The Japanese poet ni_ka first used augmented reality to create AR poems a few years ago, and other poets followed her lead. AR poems require audience members to download an app on their smart phones and go to a specified location. When they turn on the app and look through their phones’ cameras, they see the poem floating in the air, superimposed over the cityscape.
“There’s this idea that the internet is universal, that no matter where you are, you’re connected to the same thing,” says Campana. “I find it interesting that these AR poems are tied to a specific place. You have to go to that place and use certain technology to have the experience. I think this is a reaction against the commercialization of AR. It’s already being used for marketing purposes by corporations. The poets are saying, ‘We’re going to use this technology to make a genuine artistic experience that will make you rethink not only how you use technology but how you think about this particular place.’”
Video Games and Disability
Campana has plans for a second research project, as well, focused on video games and disability. He will explore the development in Japan of video/audio games for blind players. These rare audio games tell a different story about the development of video games.
“We might think that video games developed in a line from early two-dimensional games to virtual reality,” he says. “But if you focus on communities like blind players, you can tell another story. You realize the terminology, video games, is a biased title. Maybe not all video games need the video. Maybe there can be video games that are sound alone. That makes us rethink what digital technologies can do. It’s not always about vision, and in fact, that might exclude some people.”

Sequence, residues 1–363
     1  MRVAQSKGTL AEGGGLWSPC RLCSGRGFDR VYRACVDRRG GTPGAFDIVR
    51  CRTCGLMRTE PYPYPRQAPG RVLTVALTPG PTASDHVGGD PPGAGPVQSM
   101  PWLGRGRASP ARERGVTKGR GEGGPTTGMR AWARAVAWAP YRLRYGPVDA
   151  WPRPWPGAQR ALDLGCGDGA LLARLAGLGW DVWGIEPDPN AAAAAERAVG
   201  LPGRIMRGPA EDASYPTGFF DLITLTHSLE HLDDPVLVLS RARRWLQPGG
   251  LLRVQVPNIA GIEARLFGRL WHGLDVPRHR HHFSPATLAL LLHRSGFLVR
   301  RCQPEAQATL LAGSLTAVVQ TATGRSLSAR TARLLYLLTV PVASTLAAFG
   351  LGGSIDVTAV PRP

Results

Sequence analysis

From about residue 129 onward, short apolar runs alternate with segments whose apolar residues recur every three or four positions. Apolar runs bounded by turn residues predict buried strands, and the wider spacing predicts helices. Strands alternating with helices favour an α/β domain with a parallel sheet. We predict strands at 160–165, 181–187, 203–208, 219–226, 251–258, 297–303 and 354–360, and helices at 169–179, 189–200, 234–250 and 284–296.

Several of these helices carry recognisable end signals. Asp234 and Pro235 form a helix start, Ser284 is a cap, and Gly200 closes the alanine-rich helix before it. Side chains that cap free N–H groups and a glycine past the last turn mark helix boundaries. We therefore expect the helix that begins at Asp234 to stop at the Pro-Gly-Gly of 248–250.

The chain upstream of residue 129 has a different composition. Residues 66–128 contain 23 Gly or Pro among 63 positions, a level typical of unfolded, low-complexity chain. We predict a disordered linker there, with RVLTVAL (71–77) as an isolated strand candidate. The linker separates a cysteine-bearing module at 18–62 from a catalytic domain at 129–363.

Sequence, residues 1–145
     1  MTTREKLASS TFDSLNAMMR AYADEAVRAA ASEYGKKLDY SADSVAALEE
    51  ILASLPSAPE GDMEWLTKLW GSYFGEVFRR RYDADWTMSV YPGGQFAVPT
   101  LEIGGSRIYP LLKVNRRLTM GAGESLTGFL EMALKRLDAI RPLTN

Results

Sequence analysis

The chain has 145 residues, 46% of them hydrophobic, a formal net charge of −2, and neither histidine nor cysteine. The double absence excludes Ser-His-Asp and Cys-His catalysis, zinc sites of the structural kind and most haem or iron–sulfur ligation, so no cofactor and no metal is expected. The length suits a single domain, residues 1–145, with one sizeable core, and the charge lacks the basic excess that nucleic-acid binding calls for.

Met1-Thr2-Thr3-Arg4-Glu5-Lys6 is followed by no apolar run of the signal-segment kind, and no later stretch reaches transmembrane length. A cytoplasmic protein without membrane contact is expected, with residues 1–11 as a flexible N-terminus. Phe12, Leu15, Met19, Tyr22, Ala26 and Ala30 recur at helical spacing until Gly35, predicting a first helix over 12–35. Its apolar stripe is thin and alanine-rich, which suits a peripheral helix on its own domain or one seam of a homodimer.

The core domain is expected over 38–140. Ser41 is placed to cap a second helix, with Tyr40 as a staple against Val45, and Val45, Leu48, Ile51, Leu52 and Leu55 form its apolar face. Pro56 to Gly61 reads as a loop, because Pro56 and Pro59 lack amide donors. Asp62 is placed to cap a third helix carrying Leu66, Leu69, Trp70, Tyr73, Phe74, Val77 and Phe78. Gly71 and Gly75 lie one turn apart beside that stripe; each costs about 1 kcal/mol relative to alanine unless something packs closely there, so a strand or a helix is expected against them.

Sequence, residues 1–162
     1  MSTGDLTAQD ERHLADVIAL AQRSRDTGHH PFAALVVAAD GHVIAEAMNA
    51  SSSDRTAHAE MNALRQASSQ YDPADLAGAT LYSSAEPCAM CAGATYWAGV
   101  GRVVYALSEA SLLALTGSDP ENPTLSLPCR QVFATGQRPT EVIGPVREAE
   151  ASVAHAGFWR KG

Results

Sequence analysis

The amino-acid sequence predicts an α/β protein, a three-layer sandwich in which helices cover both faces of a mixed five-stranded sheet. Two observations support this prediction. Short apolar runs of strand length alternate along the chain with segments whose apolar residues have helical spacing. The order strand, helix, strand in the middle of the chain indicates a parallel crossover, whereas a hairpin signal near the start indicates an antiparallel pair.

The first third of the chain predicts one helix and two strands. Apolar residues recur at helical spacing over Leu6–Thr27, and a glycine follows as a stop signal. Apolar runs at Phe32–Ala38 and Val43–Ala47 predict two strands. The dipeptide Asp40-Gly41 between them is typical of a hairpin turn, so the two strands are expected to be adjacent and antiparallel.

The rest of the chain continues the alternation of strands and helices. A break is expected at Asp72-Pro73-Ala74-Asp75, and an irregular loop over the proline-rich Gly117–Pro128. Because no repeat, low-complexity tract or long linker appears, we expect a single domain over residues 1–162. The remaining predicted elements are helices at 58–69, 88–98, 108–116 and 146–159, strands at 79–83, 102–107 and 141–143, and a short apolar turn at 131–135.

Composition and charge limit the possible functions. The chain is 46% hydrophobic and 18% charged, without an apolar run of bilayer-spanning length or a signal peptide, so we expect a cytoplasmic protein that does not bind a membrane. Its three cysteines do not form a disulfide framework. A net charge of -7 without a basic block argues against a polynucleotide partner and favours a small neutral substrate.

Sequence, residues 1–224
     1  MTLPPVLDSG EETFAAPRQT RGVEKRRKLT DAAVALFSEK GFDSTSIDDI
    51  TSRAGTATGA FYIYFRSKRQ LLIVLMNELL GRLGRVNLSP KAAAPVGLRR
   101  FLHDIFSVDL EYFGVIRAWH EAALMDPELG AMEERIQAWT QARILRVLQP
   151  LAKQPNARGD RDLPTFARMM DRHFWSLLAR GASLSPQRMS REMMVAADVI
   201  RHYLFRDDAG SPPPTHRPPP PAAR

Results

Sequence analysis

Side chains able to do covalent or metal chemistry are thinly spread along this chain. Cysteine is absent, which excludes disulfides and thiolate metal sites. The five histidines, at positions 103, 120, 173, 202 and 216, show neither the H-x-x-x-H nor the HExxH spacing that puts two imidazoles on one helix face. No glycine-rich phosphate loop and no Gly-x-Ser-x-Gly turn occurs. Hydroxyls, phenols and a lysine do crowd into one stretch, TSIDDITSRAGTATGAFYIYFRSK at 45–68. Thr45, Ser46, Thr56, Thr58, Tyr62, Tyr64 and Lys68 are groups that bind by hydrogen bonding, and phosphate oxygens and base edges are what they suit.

Humanities, Computation, and Rethinking Literature
As a multimedia poet himself, as well as a computer coder, Campana understands the issues the poets, game developers, and other artists he studies are grappling with and what they are trying to accomplish. At the Massachusetts Institute for Technology, he was part of the Trope Tank, a hands-on lab dedicated to thinking about humanities and computation in relation to each other. He spent a lot of time finding examples of digital or electronic literature from around the world. Some older works were remade by his colleagues into something that would be accessible to a modern web browser.
“That’s an example of a project that’s tech heavy and also deeply humanistic,” Campana says. “One thing I hope to do with my own work is not just write about these alternative platforms used to create and share poetry, but get my hands dirty and create different platforms myself in collaboration with artists, programmers, and media makers."
Campana is excited to work with de Bary, who has inspired him for years. “She had a huge role in remaking Japanese literary and cultural studies into something vibrant and different than it used to be,” he says. “I’ve taken from her work this idea that literature is not closed off from the world. It’s not about individuals in towers writing things and sending them out. It always emerges from communities. And it’s not something that’s only on the page, but it’s open to other media, like film or video art. I’ve learned so much from her already, and I look forward to working with her to rethink what literature means in the twenty-first century and what it might become going forward.”